By Peter V O'Brien
Friday 29th August 2003
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Outrage at payments made to discredited executives in the US and other countries was the catalyst for the new openness.
Companies in most western jurisdictions, including New Zealand and Australia, have been required to list directors' and executive remuneration in annual reports for some years.
New Zealand provisions provide for payments to directors to be given under each name but those to executives can be given anonymously in broad dollar bands.
The latter were the result of a misguided attempt to protect a doubtful desire for executive privacy but had little effect, because people with knowledge of an organisation's hierarchy can work out who got what.
"Got" is the operative word, because the dollar band system relates to the year under review.
It has nothing to do with disclosing what could happen in future.
Examples of the new disclosure system are coming out of Australia, the latest being the announcement last week of the terms of contract for mining heavyweight BHP Billiton's chief executive Charles (Chip) Goodyear.
BHP Billiton chairman Don Argus said Mr Goodyear's remuneration was "at risk" and subject to the performance of the whole group.
Mr Argus said demanding performance hurdles were applied to the short and long-term incentives that made up the "at risk" component.
Actual dollar and percentage numbers disclosed as Mr Goodyear's terms of contract were less important (and possibly less interesting) than the range of items.
Some shareholders might argue Mr Goodyear was worth more, or less, than the board decided, but they saw the full deal.
The contract between the company and Mr Goodyear is used here only as an example of the new order, rather than singling it out for individual critical comment.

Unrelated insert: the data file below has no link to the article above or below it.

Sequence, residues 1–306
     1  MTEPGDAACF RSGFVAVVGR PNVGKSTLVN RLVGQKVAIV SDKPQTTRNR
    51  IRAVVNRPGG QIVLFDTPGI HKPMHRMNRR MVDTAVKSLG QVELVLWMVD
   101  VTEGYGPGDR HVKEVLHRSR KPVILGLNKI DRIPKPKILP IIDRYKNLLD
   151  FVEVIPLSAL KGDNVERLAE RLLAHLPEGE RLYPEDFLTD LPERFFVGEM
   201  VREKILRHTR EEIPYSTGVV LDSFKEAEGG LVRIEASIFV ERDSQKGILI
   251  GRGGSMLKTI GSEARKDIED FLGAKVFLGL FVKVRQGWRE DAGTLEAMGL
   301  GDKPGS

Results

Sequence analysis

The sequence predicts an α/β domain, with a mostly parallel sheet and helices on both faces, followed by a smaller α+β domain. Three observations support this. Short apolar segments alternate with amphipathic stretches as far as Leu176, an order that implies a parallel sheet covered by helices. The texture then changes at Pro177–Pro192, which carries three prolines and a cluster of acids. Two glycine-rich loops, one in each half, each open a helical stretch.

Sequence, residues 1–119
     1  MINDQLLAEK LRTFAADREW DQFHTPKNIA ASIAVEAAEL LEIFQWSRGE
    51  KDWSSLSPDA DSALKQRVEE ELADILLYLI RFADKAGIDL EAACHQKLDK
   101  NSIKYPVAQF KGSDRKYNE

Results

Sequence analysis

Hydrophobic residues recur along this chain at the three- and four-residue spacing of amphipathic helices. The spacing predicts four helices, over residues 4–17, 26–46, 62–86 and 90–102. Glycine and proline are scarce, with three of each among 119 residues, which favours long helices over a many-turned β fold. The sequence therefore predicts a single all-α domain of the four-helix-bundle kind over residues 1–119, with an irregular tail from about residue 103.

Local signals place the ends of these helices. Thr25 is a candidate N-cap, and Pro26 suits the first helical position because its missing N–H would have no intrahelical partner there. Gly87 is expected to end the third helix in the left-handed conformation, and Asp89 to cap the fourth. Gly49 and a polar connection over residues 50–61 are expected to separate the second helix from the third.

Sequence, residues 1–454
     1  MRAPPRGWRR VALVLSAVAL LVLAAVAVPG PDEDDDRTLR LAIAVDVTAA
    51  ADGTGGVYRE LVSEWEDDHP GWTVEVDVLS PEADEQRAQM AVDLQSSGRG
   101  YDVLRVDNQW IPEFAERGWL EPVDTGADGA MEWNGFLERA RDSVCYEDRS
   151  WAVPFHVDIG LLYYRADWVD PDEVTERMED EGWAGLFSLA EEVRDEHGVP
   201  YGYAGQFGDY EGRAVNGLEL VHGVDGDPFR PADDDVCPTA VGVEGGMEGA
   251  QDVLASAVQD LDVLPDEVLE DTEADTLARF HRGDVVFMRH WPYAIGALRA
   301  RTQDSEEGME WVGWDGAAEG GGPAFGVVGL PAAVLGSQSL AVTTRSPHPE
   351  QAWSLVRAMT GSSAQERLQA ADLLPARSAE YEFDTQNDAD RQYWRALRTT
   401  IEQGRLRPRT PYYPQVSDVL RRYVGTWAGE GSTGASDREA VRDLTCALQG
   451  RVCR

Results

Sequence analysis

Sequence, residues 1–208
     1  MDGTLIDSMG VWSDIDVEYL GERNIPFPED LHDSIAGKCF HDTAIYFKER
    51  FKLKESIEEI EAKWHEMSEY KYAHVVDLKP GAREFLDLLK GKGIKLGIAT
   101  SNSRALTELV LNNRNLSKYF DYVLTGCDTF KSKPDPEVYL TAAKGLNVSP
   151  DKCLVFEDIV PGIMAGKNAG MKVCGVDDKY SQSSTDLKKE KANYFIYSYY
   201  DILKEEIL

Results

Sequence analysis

Mr Goodyear is employed under a single contract of service with no fixed term. The group can terminate the contract on 12 months' notice and the chief executive on three months' notice.
Payment can be made in lieu of notice but the absence of a fixed term gets over large payments when companies decide to get rid of people after, say, two years into a five-year fixed term.
There is a $US1.25 million base salary and an entitlement of an additional annual amount of 48% of base salary (initially $US600,000) in lieu of a contribution to any pension or superannuation scheme.
Mr Goodyear can either pay that amount into a scheme or defer receipt until retirement.
An earning rate equal to the US 10-year bond rate would be applied to deferred receipts.
Those payments were straightforward, irrespective of the quantum.
The chief executive would also get the cost of health insurance, life and disability insurance, costs associated with the preparation of tax returns and a contribution toward the cost of relocation from the UK to Australia.
Costs associated with his relocation to the US would be paid after termination of the contract.
Incentive awards are payable under the company's shareholder-approved group incentive scheme and calculated with reference to the base $US1.25 million.
"For performance at the target level, which requires Mr Goodyear to meet the vigorous performance hurdles set by the board, including delivery of the budget, Mr Goodyear would receive 70% of his base salary as a cash bonus.
"Whatever is earned as a cash bonus would be matched with deferred shares of an equivalent value. Those shares must be held for two years. The remuneration committee has discretion to allot options instead of deferred shares."
There is a detailed formula for calculating the long-term incentive component, which comprises performance shares.
The incentive is based on comparisons of total shareholder return with those of other peer companies and earnings per share growth with the greater of the increase in the Australian consumer price index or the increase in the UK retail price index, plus 2% a year.
There are other terms in the contract, related to termination and entitlements on termination.
The key point is that everything is clear. It seems no nasty surprises would pop up on termination of the contract.
This type of disclosure is becoming the governance standard (AMP's deal with chief executive Andrew Mohl in December, for example) and is essential.
There will be arguments about amounts and other terms. People are at least getting something to argue about.
The key point [of Mr Goodyear's contract] is that everything is clear. It seems no nasty surprises would pop up on termination of the contract
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